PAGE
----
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Old 16th Oct 2007, 21:31
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My son also has AS and last summer he went from Gatwick to Kansas via Atlanta with Delta. He was on his own and he was only 16. We took him to the airport (obviously) and we discussed what he could expect to see and do after check in. He phoned before he got on the plane to say all was well. At Atlanta he had to change planes. We obtained a couple of maps and found out which piers the aircraft would be on. The luggage transfer was easy for him as again we obtained a map of the terminal so it would be easy to find. He also phoned from there as well to set my wife at ease. The time we allowed for transfer was easily manageable with plenty of flights later if he missed his flight. At Kansas he was met by family (who he had never met). Basically lots of planning with maps of airports and even seating plans helped. Phoned the airline before we booked and basically they were not a lot of help as they didn't seem to understand that a 16 year old could possibly need help and if he did we could pay extra (despite paying over £800 for his ticket). So the message is plan for as many eventualities as possible, get lots of maps, give yourself lots of time and don't turn down the free headphones (my son did as he had his ipod 'phones but they don't fit the airplane sockets!). He enjoyed the whole experience as will you.

Good luck.
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Old 17th Oct 2007, 06:15
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Join Date: Aug 2007
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Hi Alex, great advice for you on here. I travelled with my autistic nephew last year and by the way he loved it; as others are recommending, maximising the routine nature of events is key - it follows an essentially predictable sequence.

The only unforeseen element we encountered was that we were bussed to a remote gate to board the aircraft. Usually at major airports this won't happen, as an air-bridge connects you directly. Sometimes you get a bus though, and at certain airports this is the norm. The buses can be a bit of a squash. Again, you can research the likelihood of this in advance for your particular airport.

He was fine with the bus, we just stood right by the door facing outwards and enjoyed the sights as the apron passed by. Have a great flight.
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Old 17th Oct 2007, 19:11
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Join Date: May 2000
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The airport and crowds are more stressful than the flight - so if you have a choice, pick a small airport and a small plane. If you have to use a big airport, pick a quiet time. If you have to transfer, try to do so in the same terminal.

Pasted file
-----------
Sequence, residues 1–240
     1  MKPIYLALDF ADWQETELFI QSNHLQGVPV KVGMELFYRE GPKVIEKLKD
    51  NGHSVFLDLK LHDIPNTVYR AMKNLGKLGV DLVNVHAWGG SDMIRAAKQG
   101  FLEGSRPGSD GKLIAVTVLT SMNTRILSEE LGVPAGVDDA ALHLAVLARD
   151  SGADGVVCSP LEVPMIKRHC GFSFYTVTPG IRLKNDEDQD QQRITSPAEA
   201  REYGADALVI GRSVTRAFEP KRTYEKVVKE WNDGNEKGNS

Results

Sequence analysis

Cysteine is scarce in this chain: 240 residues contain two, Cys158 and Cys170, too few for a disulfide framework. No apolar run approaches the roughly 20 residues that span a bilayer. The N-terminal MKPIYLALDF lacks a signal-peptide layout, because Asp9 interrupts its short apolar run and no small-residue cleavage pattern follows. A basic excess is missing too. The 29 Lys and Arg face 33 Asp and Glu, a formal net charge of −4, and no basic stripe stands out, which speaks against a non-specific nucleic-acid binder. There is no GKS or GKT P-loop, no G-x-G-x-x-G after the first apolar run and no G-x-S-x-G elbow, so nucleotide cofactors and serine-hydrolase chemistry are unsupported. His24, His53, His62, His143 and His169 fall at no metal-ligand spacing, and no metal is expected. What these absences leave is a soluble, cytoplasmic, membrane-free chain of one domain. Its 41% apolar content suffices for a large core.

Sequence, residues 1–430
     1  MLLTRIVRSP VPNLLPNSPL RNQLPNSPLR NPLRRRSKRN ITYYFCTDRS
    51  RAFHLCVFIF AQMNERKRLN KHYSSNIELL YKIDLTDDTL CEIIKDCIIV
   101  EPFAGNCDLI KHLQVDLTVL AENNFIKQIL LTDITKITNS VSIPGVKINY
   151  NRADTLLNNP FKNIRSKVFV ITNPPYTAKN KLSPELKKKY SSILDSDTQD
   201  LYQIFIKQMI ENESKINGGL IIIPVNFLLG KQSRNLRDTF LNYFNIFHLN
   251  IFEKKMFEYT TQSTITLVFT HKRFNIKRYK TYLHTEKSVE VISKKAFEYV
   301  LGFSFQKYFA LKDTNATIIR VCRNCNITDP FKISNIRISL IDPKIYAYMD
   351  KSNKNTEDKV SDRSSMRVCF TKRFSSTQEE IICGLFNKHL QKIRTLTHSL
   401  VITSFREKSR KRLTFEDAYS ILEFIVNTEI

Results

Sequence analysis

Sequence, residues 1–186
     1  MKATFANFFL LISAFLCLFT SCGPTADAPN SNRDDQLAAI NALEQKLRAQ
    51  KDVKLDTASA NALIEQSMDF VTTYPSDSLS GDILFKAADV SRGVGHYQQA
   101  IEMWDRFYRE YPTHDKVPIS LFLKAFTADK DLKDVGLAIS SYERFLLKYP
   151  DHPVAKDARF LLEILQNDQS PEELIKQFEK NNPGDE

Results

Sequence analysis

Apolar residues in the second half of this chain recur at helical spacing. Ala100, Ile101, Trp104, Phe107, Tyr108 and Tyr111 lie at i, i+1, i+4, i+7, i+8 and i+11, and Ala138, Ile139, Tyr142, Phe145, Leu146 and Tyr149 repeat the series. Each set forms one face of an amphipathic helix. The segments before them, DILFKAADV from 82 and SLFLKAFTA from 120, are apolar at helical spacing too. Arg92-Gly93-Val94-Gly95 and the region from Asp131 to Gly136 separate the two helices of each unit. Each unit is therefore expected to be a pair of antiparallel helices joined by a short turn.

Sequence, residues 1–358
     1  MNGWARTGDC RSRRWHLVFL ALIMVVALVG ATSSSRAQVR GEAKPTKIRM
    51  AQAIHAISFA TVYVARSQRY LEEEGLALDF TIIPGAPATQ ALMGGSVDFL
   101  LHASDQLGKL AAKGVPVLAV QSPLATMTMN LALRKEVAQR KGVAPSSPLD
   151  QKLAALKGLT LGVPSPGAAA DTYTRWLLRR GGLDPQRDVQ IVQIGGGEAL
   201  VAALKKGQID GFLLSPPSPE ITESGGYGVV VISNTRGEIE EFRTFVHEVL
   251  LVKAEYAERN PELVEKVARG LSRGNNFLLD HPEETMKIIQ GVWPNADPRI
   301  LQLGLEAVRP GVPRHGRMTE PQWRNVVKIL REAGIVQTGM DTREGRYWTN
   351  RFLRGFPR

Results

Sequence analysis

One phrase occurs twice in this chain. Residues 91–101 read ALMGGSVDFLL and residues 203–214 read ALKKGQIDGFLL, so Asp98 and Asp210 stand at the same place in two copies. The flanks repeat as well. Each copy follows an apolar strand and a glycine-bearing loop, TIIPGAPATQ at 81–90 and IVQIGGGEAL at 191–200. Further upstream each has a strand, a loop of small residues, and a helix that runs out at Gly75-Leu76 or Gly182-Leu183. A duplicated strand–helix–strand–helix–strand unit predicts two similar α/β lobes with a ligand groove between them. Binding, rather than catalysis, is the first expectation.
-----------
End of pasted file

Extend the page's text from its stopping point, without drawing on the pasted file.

You'll be fine.
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Old 17th Oct 2007, 21:36
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Well done for being so open and honest about yourself on this.

A little tip, whatever airline you chose to fly do not be afraid to mention it to the checkin agent and crew. Just that way if things to start to go astray then at least hopefully one of the staff will be able to stay with you and perhaps help you keep your mind off the situation!
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Old 4th Mar 2008, 08:00
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Funnily enough - I work in IT support, so when thinking about disruption possibilities - I'm likely to weather ATC snafus (I know what Severity 1 incidents are like from the other side)... but thanks for all the advice.

Sticking to quieter airlines, times and IATA carriers... I'll definitely do that.

Also - methinks I'd be relying on travel agents to handle the bookings... are us first-timers more likely to stick to doing things the traditional way? My contract being with THomas Cook rather than 6 different organisations?
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Old 4th Mar 2008, 08:49
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Join Date: Jan 2005
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Whilst people are saying avoid the low cost airlines, I do work for a low cost airline and I wanted to share a little story.

A couple of summers ago I was operating a flight from mainland Europe to London Gatwick, it was one of my first flights as purser. Early in the morning when I arrived at LGW for the outbound flight there was a really vicious nasty thunderstorm, one of those ones that even though you know you are safe makes the hairs on the back of your neck stand up.

We departed for our destination on time, arrived early, boarded the pax which included a 11 year old autistic boy travelling with his Mum and his Gran. The flight back to LGW was mainly without incident until the latter stages of descent.

We had prepared the cabin for a normal landing and I had just handed in the cabin secure to the Captain and was thinking that I will be on my way home in around 45 minutes and thinking about the things I needed to do that afternoon. My thoughts were interrupted when the Captain rung through to me on the interphone and said "LGW is closed due to some rather large CB's in the area, we are diverting to LTN" my heart sunk as I knew that this would not only delay my getting home but also everyone else. The Captain made a PA to the effect that LGW has closed and that it might be closed for some time owing to extremely severe thunderstorms making it not particularly safe to fly into and that we are now going to divert to London Luton and we will provide more information as soon as we can.